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Figure 1: 3 foot (1 meter) suspension hook with clan face, flying fox (fruit bat) and bird figures.
Kandangai carvers make big, bold hooks up to 6 feet (2 meters) high with protruding eyes set with white shell(1). The hooks are painted black. Full figures are common, usually male.
Kandangai Village sits on a large raunwara (round water), a cutoff meander of the Sepik River. The baret back into the villages of Kandangai (2) and Nyaurangei joins the Sepik across from Yenichenmangua, upriver from Korogo.
Their raunwara is rich in birdlife. Ron guided a birding tour group in the 1970s that identified over 70 different species in one day. The far end of the baret joins with the Chambri Lakes during high water.
Diary entry, 1970s: Kandangai Headhunter
Copyright Carolyn Leigh, 1998. All rights reserved.
Men use gourd lime containers to hold the powdered lime chewed with betel nut, plus a long stick to get the lime out of the gourd. The decorated gourd and stick tell something about a man's status.
In the 1970s, two men were still alive in Kandangai who remembered their head hunting days. One of the old warriors offered to sell his lime container to Ron. It was a plain gourd with a wooden stick hung with 6 or 8 tassels. He said each of the tassels marked a human head he took as a young man.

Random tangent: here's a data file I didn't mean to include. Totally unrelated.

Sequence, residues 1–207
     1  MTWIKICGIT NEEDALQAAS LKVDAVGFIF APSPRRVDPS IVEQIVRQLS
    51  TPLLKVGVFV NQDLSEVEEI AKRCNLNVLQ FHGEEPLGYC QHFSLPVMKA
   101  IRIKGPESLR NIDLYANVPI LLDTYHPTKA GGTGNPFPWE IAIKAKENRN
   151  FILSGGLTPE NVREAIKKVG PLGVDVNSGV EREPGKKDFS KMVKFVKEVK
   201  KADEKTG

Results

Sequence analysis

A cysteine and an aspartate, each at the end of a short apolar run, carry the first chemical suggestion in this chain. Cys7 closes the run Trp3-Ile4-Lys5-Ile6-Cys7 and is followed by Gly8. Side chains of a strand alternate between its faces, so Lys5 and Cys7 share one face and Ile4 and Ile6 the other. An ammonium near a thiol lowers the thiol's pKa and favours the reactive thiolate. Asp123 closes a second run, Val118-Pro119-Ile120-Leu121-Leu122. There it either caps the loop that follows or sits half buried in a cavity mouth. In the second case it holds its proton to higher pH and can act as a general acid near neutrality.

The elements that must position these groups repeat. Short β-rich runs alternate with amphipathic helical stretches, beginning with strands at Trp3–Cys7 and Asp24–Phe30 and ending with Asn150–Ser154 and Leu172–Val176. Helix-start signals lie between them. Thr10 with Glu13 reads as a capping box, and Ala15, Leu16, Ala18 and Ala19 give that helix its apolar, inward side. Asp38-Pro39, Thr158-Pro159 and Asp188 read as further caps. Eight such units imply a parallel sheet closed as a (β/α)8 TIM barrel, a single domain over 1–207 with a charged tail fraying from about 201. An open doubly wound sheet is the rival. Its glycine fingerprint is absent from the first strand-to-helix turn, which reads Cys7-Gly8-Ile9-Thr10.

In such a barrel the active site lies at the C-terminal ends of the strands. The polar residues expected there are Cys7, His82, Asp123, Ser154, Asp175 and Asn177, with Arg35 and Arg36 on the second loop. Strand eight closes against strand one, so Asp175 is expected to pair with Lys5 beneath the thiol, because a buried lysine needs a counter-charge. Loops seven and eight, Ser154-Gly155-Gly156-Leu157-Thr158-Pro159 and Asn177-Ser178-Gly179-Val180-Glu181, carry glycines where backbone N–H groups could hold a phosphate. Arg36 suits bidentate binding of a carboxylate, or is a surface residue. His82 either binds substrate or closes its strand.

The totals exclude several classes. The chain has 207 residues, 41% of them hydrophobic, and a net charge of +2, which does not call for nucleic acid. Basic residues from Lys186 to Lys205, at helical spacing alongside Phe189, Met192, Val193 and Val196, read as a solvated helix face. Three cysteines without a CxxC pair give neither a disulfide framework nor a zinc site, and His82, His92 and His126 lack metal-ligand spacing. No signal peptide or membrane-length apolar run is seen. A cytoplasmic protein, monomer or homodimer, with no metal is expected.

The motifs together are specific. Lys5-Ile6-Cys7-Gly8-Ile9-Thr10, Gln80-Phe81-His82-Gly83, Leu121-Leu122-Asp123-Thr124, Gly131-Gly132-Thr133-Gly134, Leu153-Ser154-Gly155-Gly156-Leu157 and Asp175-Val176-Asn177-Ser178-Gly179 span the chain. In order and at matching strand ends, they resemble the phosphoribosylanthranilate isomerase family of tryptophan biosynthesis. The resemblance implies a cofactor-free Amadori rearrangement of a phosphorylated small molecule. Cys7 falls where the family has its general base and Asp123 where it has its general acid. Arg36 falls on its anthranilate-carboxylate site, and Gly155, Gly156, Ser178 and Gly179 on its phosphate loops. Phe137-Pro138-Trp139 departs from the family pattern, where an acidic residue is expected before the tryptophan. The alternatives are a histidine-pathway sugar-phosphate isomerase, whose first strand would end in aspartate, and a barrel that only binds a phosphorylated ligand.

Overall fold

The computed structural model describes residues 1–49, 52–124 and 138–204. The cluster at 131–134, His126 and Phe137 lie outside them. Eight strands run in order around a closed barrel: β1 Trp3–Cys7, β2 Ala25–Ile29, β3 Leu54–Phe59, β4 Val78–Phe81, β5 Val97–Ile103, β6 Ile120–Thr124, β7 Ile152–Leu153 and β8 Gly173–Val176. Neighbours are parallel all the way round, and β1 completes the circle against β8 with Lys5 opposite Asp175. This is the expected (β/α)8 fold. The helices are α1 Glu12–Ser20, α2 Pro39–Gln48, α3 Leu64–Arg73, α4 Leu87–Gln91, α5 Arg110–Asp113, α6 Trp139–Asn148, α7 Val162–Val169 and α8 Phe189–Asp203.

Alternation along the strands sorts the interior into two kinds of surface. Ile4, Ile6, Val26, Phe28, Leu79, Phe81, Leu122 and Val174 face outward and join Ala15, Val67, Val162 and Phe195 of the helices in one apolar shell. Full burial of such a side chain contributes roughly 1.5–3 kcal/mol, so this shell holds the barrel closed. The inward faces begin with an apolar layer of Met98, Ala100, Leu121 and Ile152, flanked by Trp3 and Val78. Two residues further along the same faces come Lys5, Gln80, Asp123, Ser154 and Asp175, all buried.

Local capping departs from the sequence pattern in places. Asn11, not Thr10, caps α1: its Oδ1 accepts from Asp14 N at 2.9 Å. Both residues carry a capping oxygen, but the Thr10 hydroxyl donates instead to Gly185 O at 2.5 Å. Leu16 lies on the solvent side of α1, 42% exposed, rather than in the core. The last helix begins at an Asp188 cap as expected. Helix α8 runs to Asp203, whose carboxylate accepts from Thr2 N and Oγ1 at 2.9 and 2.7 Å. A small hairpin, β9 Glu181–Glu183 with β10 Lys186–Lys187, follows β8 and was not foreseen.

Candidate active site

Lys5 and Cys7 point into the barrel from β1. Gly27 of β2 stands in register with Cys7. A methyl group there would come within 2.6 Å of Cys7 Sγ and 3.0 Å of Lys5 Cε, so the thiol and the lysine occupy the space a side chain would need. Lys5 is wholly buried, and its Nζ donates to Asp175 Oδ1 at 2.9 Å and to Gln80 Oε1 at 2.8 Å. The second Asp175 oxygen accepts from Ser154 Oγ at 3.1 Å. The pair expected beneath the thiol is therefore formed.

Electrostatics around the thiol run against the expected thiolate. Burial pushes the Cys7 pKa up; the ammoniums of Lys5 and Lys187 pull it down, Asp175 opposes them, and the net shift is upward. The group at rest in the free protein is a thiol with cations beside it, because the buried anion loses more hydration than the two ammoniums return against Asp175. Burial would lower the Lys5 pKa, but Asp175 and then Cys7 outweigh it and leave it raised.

Ron asked him, didn't he want to keep the pieces, why did he want to sell? The man told his teenage daughter to tell Ron that he was an old man now and he would rather have money.
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Artifacts on this site were collected in the field by my husband, Ron Perry. I take the photographs, do the html, text and maps. Background in Who We Are. Art-Pacific has been on the WWW since 1996. We hope you enjoy our New Guinea tribal art and Indonesian folk art as much as we do.
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